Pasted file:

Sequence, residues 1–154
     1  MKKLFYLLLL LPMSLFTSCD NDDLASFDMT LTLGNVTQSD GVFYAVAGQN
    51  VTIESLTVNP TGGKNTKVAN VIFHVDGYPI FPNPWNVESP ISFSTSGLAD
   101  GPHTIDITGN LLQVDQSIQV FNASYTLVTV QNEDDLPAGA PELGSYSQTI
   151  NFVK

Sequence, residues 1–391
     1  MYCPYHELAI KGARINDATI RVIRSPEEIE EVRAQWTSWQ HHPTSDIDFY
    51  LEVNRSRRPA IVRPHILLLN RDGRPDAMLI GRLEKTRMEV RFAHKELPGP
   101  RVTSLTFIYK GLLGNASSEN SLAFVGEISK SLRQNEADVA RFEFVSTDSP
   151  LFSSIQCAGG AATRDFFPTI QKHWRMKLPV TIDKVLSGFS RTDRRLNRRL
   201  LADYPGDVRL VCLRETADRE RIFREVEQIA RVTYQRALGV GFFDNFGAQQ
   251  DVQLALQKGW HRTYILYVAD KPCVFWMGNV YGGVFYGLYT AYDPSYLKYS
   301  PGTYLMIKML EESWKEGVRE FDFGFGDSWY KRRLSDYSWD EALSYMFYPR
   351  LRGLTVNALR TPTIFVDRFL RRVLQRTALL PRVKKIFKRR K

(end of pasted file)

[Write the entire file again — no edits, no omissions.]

Sequence, residues 1–154
     1  MKKLFYLLLL LPMSLFTSCD NDDLASFDMT LTLGNVTQSD GVFYAVAGQN
    51  VTIESLTVNP TGGKNTKVAN VIFHVDGYPI FPNPWNVESP ISFSTSGLAD
   101  GPHTIDITGN LLQVDQSIQV FNASYTLVTV QNEDDLPAGA PELGSYSQTI
   151  NFVK

Sequence, residues 1–391
     1  MYCPYHELAI KGARINDATI RVIRSPEEIE EVRAQWTSWQ HHPTSDIDFY
    51  LEVNRSRRPA IVRPHILLLN RDGRPDAMLI GRLEKTRMEV RFAHKELPGP
   101  RVTSLTFIYK GLLGNASSEN SLAFVGEISK SLRQNEADVA RFEFVSTDSP
   151  LFSSIQCAGG AATRDFFPTI QKHWRMKLPV TIDKVLSGFS RTDRRLNRRL
   201  LADYPGDVRL VCLRETADRE RIFREVEQIA RVTYQRALGV GFFDNFGAQQ
   251  DVQLALQKGW HRTYILYVAD KPCVFWMGNV YGGVFYGLYT AYDPSYLKYS
   301  PGTYLMIKML EESWKEGVRE FDFGFGDSWY KRRLSDYSWD EALSYMFYPR
   351  LRGLTVNALR TPTIFVDRFL RRVLQRTALL PRVKKIFKRR K